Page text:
You’ve won a range of challenges on television shows like Iron Chef. What’s the secret to excelling in those high-pressure moments?

Get out of your own way. As I mentioned, I am prone to self-sabotage when old wounds creep up. But in competition, you have to trust that you can let your skills dance for you. There’s a line that makes me laugh, 'If you’re going to be dumb, you have to be tough' and some of the most painful losses have made me tougher and more focused in that space. The key is to never stop evolving and always have fun. I am not who I was yesterday, nor am I, my mistakes. Plus, I am my ancestors’ wildest dreams! I can feel the energy surging through me when competing, it definitely isn’t all mine. I know my grandma and father are getting their kicks from my adventures in food. 

This will be your first appearance at Tasting Australia. What do you hope to discover while you're here?

I fell in love with Australia while on a culinary diplomacy trip in 2019 and after opening up a pop up in Sydney with my mates, the love grew. I want to experience it all, every talk, dish, sound, smell. Continue to knit the cultural quilt I have been knitting around the world. We are all more similar than we are different and it’s always felt like that sentiment is also felt within the people I have met through food. Australia has always felt like 'home' and I am honored to represent my Mexico with everyone.

What’s been your impression of Australian restaurants and the produce on offer here?

The number of culinary varieties is wildly beautiful. So much talent and creative juices flowing within the culinary community. The produce is definitely unique to Australia but I like the challenge of backing into what you do have, rather than get frustrated because of what you don’t have. I remove the Southern California/ Mexican Chef chip and go into the kitchen as a flexible creative. I am what makes my food special, not the ingredients. If I let the native ingredients speak for themselves and not get in the way, new dishes have the ability to come to life. Exploring the native ingredients within Australia is also something I feel like I never get enough of and how the indigenous communities eat them.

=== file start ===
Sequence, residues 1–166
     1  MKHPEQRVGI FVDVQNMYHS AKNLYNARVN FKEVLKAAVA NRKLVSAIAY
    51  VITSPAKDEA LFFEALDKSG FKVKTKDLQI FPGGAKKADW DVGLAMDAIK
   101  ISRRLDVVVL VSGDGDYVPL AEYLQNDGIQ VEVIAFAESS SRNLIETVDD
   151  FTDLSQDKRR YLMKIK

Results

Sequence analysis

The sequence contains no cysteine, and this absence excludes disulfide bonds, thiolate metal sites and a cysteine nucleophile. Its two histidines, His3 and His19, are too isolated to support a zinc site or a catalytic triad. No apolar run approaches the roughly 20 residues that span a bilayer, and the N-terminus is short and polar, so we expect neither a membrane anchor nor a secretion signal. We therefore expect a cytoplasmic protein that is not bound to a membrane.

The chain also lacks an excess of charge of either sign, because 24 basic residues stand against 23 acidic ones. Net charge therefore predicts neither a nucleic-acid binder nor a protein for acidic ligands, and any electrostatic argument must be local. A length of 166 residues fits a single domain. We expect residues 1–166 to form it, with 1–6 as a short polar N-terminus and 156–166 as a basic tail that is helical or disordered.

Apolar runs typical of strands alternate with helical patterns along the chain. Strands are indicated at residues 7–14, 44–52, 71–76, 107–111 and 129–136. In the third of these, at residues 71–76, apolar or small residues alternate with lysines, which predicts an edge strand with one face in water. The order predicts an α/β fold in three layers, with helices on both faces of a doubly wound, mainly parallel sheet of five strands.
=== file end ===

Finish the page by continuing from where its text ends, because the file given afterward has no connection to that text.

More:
What’s your dream dining experience? 

Wood fired food, with tons of acid and salt, spicy salsa, earthy frijoles de la olla and perfectly balanced desserts. I come from a family of voracious eaters and passionate minds. Spending half of my childhood in my aunt’s restaurant in Guadalajara was a great school. Every week, the Zepeda clan would trickle in, family by family, the table got longer and longer. The food and tequila would start early into dinner and the more that joined, the later we stayed. The screams from afar could seem like we hated each other, but it’s simply our normal volume when we’re happy or trying to be right in a debate. Being the little boss that I was, I would go around refilling and seeing what everyone needed before they needed it. I learnt the art of intuitive hospitality there. The later it got, the more chair beds were brought together for the little ones. I dream of that hum. To be in a chair or to be hosting that same group, I am happy. Little Claudette is even happier.